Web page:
Blogging and writing

Everything we wrote in the perfectly normal month of March 2020

Because March 2020 has been totally normal – perhaps the least remarkable month on record? – we managed to turn out a decent number of posts, albeit with an odd emphasis on the past.

We kicked off with a write-up of a remarkable document from 1944: the Mass Observation projects notes on young people’s attitudes to alcohol, with bonus commentary on how the sex lives of young adults in London revolved around pubs. It’s full of stuff like this:

The Saloon Bar is packed with young people some 60—100 strong. To order drinks people just elbow their way to the counter. Nobody minds the pushing and shoving. Lots of young girls, very well-dressed and heavily made up, come into the pub unescorted. Soldiers and Sailors are present, but it is mostly a young civilian crowd. 17—18 age group, although a small percentage of older people (not more than 30-40 years) are present. The room is hot and the fat man at the piano looks hotter still. The room is too packed for dancing, but girls hum the melodies the fat man plays.

Moving back in time, Jess wrote about her great-grandfather and his run in with the great London brewery Barclay Perkins:

There’s an interesting insight into how these things worked: my great grandad bought beer from the brewery and also paid a royalty of 2d per dozen bottles of non-company beer sold. They were rather sniffy about his business generally; “…[Company] purchases were small and the royalty only amounted to some £12 per annum”. Also, the implication in the minutes is that Barclay Perkins would probably find another site and trade the licence.

Another piece from Jess was this reflection on the recent rise in the number of breweries in Walthamstow, east London, where she grew up, with input from Des de Moor and Jezza:

When I was young, Walthamstow wasn’t really a big drinking destination. It was somewhere young families settled. You might have a few in The Village or The Goose or whichever local pub tickled your fancy but, generally, people went up town for serious nightlife… And there were no breweries at all, not one, in a borough with about a quarter of a million people. The Essex Brewery closed in the 1970s and the Sweet William brewery at the William IV, later Brodie’s, didn’t come along until much later.

Back to the past, this time the 1970s, we dug through a pile of CAMRA branch bulletins kindly sent to us by Sue Hart. They provide a behind-the-scenes look at the story we told in Brew Britannia, with lots of interesting details that were new to us:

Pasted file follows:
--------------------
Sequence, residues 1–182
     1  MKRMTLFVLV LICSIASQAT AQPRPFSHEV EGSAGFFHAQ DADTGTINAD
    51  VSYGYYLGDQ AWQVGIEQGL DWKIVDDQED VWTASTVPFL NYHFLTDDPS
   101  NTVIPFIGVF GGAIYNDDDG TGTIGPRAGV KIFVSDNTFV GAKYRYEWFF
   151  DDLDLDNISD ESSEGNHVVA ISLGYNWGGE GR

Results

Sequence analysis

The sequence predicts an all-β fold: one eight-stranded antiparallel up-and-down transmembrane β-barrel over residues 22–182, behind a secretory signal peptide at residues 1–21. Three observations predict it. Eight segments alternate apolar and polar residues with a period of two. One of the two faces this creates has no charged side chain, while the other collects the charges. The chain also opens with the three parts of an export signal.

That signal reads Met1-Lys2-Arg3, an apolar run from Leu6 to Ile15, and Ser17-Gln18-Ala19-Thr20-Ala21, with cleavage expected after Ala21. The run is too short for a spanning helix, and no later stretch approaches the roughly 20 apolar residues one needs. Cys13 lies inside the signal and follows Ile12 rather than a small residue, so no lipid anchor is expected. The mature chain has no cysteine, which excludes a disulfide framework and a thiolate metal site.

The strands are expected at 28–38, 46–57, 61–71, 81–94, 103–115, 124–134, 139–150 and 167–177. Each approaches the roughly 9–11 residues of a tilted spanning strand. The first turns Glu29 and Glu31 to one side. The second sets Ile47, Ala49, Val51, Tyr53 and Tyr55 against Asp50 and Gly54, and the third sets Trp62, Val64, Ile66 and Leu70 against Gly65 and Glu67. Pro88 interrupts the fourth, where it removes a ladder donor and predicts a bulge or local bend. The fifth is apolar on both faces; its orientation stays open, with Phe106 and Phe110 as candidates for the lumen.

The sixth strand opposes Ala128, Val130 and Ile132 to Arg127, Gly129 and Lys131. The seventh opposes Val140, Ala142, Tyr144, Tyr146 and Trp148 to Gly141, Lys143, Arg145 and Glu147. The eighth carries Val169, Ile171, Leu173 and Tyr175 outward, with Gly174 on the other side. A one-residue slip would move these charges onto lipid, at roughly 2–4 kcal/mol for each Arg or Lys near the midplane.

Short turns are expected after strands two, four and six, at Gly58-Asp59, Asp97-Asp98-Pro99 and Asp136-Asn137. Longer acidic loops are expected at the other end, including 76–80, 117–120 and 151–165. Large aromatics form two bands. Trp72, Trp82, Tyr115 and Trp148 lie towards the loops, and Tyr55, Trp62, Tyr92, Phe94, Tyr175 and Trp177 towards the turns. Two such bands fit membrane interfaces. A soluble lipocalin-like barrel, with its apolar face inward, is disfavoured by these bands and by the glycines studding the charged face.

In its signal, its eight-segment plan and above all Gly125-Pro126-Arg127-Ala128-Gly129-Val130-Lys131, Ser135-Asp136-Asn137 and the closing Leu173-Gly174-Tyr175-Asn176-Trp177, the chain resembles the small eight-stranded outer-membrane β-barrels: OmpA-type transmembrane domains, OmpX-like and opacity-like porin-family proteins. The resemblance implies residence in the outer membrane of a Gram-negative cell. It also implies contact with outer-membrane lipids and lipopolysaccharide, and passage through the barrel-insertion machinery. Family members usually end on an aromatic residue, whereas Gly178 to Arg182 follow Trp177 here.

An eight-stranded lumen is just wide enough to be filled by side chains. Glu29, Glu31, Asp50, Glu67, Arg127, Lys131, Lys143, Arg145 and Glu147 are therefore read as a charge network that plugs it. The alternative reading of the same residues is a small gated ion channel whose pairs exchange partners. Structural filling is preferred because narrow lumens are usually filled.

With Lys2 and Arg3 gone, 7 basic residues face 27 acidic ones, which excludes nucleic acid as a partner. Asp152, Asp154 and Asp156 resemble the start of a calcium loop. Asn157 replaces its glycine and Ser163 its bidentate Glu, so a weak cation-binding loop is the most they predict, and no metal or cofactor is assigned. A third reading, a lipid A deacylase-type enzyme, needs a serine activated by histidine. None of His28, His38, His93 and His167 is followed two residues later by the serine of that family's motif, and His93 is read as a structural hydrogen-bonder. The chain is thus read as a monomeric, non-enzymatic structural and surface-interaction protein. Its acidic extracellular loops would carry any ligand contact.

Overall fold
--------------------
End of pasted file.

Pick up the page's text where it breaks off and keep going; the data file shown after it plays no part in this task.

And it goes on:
One of my members asked me recently why our branch no longer arranged brewery trips – “for a free booze up”. Poor man… I don’t normally tongue-lash people, but he certainly got it – and that made me think. Did his attitude reflect that of a majority of CAMRA members towards brewery trips? I certainly hope not… I have witnessed on brewery trips… people becoming obscenely drunk, fighting drunk, unconscious at the brewery, on the coach or in the pub on the way home.

A gin palace as depicted in 1851.

As the month neared its end, we got a bit hung up on the subject of gin palaces again, although this time the subject took us down a couple of interesting side avenues.

First, researching London gin palaces, we came across an account from 1844 which made particular mention of the easy-swinging doors:

The doors are large, swinging easily upon patent hinges, and ever half-and-half—half open, half shut, so that the most undecided touch of the dram-drinker admits him. The windows are of plateglass, set in brass sashes, and are filled with flaming announcements, in large letters, ‘The Cheapest House In London,’— ‘Cream Of The Valley,’—‘Creaming Stout,’—‘Brilliant Ales,’—‘Old Tom, fourpence a quartern,’ — ‘Hodges’ Best, for mixing,’ and a variety of other entertainments for the men and beasts who make the gin-palace their home.

Next, in the same territory, we got distracted by mention of ‘Kennett Ale’ – apparently another of those hyper-local regional beer styles that gradually died out through the 19th century. This was from Wiltshire/Berkshire and apparently a big deal in London:

Will you travel with your Bill
To the Crown at Pentonville,
Bonnet-builder, O!
Where the cove sells Kennett ale,
Which, like you, looks very pale,
I like it best when stale,
Bonnet-builder, O!

Finally, we decided to get out of London and find out what gin palaces in Manchester might have been like. The sources are less plentiful than for London but, still, there’s no shortage:

Many of its streets, particularly the great thoroughfare called the Oldham Road, are magnificent in their vast proportions; but the thousands of by-lanes and squalid courts, the stacked-up piles of undrained and unventilated dwellings, swarm with the coarsest and most dangerous portions of the population. Here the old and inferior mills abound; here the gin-palaces are the most magnificent, and the pawn-shops the most flourishing…

We also managed to drag ourselves out of bed to put together our usual Saturday morning round-ups of news and links – not that there was much news in this utterly uneventful month, of course.

We also kept Tweeting, mostly stuff like this:

And posted a bit on Patreon, including this, well, we suppose you’d call it a ‘statement’. TL;DR: don’t worry about us, support people who need it more.

And we also opened up the full versions of our notes from Belgium last autumn, if you fancy a vicarious holiday: day one | two | three | four | five.